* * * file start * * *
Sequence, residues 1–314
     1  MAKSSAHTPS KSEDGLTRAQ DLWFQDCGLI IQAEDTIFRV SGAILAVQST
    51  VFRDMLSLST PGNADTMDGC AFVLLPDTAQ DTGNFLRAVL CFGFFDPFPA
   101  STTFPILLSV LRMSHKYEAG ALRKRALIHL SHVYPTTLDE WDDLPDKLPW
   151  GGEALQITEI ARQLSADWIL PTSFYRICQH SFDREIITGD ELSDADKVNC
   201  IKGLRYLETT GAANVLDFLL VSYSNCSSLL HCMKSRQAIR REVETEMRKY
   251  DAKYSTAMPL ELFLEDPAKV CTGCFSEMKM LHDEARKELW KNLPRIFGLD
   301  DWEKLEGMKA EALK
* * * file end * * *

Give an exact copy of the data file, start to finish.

Sequence, residues 1–314
     1  MAKSSAHTPS KSEDGLTRAQ DLWFQDCGLI IQAEDTIFRV SGAILAVQST
    51  VFRDMLSLST PGNADTMDGC AFVLLPDTAQ DTGNFLRAVL CFGFFDPFPA
   101  STTFPILLSV LRMSHKYEAG ALRKRALIHL SHVYPTTLDE WDDLPDKLPW
   151  GGEALQITEI ARQLSADWIL PTSFYRICQH SFDREIITGD ELSDADKVNC
   201  IKGLRYLETT GAANVLDFLL VSYSNCSSLL HCMKSRQAIR REVETEMRKY
   251  DAKYSTAMPL ELFLEDPAKV CTGCFSEMKM LHDEARKELW KNLPRIFGLD
   301  DWEKLEGMKA EALK